A Carolina-Rig is something that some anglers won’t touch with a ten foot pole, while others rely on it day in and day out.  I began to experiment with this technique late last summer and had good success with it.  The important thing to remember is to use the lightest weight you can get by with to maintain bottom contact and that your leader length depends greatly on the water clarity.  Since I fish the Mississippi River mostly a 14 to 18 inch Seaguar fluorocarbon leader with a 3/8 ounce brass weight is what I use for the most part.  What you use for a plastic on your C-rig is up to you, a Gambler Baby Bacon Rind works well for me the majority of the summer, as do Flukes and lizards.  Experimenting with each bait until the fish tell you what they are keying in on is key.

Like the two other lures mentioned about the C-rig allows you cover water quickly, which is key for summer smallmouth fishing because they do move frequently depending on baitfish and current.  Dragging this rig over sand bars, rock humps and along a break line all work very well and can put some very nice fish in your boat.

Tubes are a great go to bait when fishing for smallmouth.  As we have all seen from Lake Erie that tubes can catch some huge smallies, just by simply dragging them across rock piles and off-shore humps.  They also work well when drug along weedlines or when pitched to visible rip-rap or wingdams on a river.  Every company that makes plastic baits makes a tube and every angler has their preference on size and color.  If you are just starting out fishing tubes, a 4 inch tube is a good standard.  Natural colors that represent crawfish work well, but don’t be afraid to try some bright colors if the water is stained or natural colors if the water is clear.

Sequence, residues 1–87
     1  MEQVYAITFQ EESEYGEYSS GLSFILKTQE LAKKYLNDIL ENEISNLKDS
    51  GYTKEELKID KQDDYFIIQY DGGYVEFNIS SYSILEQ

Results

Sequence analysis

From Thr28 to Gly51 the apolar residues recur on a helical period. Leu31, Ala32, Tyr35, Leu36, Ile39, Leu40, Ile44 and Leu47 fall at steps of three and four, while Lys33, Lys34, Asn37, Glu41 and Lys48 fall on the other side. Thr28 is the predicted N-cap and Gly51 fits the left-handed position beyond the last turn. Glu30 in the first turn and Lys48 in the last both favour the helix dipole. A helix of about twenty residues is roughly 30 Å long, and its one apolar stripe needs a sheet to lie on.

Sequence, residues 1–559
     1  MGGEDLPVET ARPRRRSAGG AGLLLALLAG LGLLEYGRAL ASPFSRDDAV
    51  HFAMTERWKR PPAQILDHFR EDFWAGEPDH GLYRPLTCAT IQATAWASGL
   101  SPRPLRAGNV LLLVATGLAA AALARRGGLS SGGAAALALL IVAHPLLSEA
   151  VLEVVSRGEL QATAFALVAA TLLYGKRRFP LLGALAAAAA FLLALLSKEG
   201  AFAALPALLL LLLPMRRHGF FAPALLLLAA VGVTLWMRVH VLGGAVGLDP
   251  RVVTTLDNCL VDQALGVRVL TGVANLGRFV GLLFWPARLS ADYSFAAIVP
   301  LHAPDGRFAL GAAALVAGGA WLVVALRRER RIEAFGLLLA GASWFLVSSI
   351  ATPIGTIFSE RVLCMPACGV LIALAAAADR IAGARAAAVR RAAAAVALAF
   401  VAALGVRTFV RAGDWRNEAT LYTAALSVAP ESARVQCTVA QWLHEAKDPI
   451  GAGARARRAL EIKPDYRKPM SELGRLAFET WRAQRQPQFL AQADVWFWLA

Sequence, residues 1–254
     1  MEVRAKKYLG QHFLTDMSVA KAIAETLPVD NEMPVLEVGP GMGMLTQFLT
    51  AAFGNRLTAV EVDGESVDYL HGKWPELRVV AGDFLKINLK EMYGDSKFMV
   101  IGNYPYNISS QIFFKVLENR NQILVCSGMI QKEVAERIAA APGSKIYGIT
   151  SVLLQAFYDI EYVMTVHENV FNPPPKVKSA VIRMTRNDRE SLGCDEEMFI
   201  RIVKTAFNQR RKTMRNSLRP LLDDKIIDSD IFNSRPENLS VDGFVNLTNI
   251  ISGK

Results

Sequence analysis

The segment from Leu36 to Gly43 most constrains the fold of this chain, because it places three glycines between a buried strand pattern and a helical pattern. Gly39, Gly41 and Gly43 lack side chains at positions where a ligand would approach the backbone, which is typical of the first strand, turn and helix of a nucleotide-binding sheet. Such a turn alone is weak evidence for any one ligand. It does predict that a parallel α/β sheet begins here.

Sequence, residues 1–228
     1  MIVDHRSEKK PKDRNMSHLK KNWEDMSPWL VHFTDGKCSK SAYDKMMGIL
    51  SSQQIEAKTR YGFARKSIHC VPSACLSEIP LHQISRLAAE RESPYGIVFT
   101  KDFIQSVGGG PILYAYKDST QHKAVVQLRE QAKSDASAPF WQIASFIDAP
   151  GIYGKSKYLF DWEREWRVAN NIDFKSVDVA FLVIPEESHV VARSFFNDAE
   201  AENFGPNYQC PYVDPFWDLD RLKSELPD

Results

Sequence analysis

Weightless Plastics have become extremely popular not just on the tournament scene, but for recreational anglers as well over the past five years.  Just by simply casting out these plastic baits and allowing them to slowly sink, just tempts a smallmouth into biting.  My two favorite baits and ways to fish them are a Gambler Ace wacky rigged and then a Fluke fished very slowly.  An Ace wacky rigged on a 1/0 Eagle Claw extra wide gap hook is what I use when casting to stubborn smallmouth.  This lure is a very natural presentation that works well when the fish are holding tight to cover or are suspended. 

The same goes for a Fluke, a 4/0 Eagle Claw extra wide gap hook will increase your hook up ratio greatly.  Casting this weightless Texas-rigged bait to points, weedlines or any areas where smallies are feeding is good.  I have caught some very nice bass in mid-August just by letting my Fluke slowly sink down and then ever so easy twitching it back to the boat.

With these five baits and knowing where to use them, you to can go take advantage of some phenomenal Dog Days of summer smallmouth fishing!!